If you are suffering from gambling harms or affected by somebody else’s many issues may arise, differently for everybody but sharing common themes. Financial problems, mental health, criminal proceedings, unemployment, relationship and family breakdown to name a few. The first step – which many report was one of the hardest – is to seek support. This may be with a spouse or partner or trusted friend, or via a gambling support line (see the SUPPORT page); some may take the situation to their GP; some will find online forums or join a supprt group such as Gamblers Anonymous or SMART Recovery. Some may do all of these things. In the early days simply opening up and seeking support is tremendously helpful and paople often support a sense of relief.
In a perfect world, an initial approach for support would be able to signpost you to the best pathways to other services which can deal with the several post-gambling issues you have to deal with. However good a treatment plan is for you, one that helps you begin reduce urges to gamble, you may still have considerable legacy burdens to carry such as those mentioned above. Some will have less to bear, some more. One issue that often arises is that a doctor, for instance, does not have the knowledge or understanding to ensure you receive the whole-person support you need; sometimes there are unclear pathways between support options. History suggests – by the voices of lived experience – that if you try such options as those above, especially for many becoming involved in some way with others in recovery, things get better and you find what’s best for you. And, of course, for many the available services, even just one of them, may be all you need.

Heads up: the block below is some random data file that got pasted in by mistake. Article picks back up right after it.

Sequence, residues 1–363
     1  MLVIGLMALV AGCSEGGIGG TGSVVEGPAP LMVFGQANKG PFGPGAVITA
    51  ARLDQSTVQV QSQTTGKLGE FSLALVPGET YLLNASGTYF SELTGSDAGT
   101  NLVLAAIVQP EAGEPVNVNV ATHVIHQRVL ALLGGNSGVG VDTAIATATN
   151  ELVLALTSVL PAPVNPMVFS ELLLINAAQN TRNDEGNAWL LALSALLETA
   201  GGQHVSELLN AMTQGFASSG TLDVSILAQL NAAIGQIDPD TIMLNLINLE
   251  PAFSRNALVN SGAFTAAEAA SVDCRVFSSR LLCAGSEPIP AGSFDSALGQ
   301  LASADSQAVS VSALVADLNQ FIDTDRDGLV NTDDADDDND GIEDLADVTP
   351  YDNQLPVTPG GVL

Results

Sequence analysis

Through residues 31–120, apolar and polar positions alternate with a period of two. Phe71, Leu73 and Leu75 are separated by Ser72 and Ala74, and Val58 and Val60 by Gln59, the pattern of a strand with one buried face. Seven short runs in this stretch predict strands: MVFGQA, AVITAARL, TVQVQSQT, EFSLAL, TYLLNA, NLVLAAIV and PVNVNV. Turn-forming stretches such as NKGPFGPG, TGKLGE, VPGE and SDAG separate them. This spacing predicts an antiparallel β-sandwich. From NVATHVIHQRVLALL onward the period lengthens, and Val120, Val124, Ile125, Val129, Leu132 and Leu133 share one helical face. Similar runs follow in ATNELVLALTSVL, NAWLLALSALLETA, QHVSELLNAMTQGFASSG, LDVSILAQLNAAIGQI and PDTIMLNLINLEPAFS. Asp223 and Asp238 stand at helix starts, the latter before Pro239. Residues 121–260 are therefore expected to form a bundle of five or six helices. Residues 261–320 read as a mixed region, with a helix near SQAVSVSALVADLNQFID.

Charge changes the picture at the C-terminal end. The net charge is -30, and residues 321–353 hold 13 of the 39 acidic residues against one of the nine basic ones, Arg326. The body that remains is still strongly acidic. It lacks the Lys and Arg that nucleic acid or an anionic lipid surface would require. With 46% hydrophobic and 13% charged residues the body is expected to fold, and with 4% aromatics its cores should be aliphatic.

One particularly useful port of call, even the first place for many, is Citizens Advice. In recent years their staff and volunteers have been trained to advise people and steer them to the most appropriate services for their individual needs. They also work in communities to raise awareness of gambling harms. Included in a news post on 31 August 2022 about their gambling-related services is:
Another key element of our service is providing advice to clients. People come into their local CAB office for advice on a range of topics and usually people need help with more than one issue. Our advisers provide holistic advice to people and equip them with the information they need to decide a way forward.
People who experience gambling harms may be unaware that they are affected, or they may know but are unlikely to disclose this to anyone, not even their family. A key part of our work is trying to normalise talking about gambling harms and reduce the shame and stigma that is associated with it. The more that we can raise awareness and train staff to understand the signs, the more people we can help by signposting or referring them onto specialist services who support people affected by gambling harms.
You can read the whole piece here.
In upcoming posts we’ll look at some of the issues arising from financial harms and gambling, particularly in the light of the cost of living crisis. By its nature, financial issues will also involve other burdens people may carry such as with respect to relationships, employment, mental health and the justice sytem.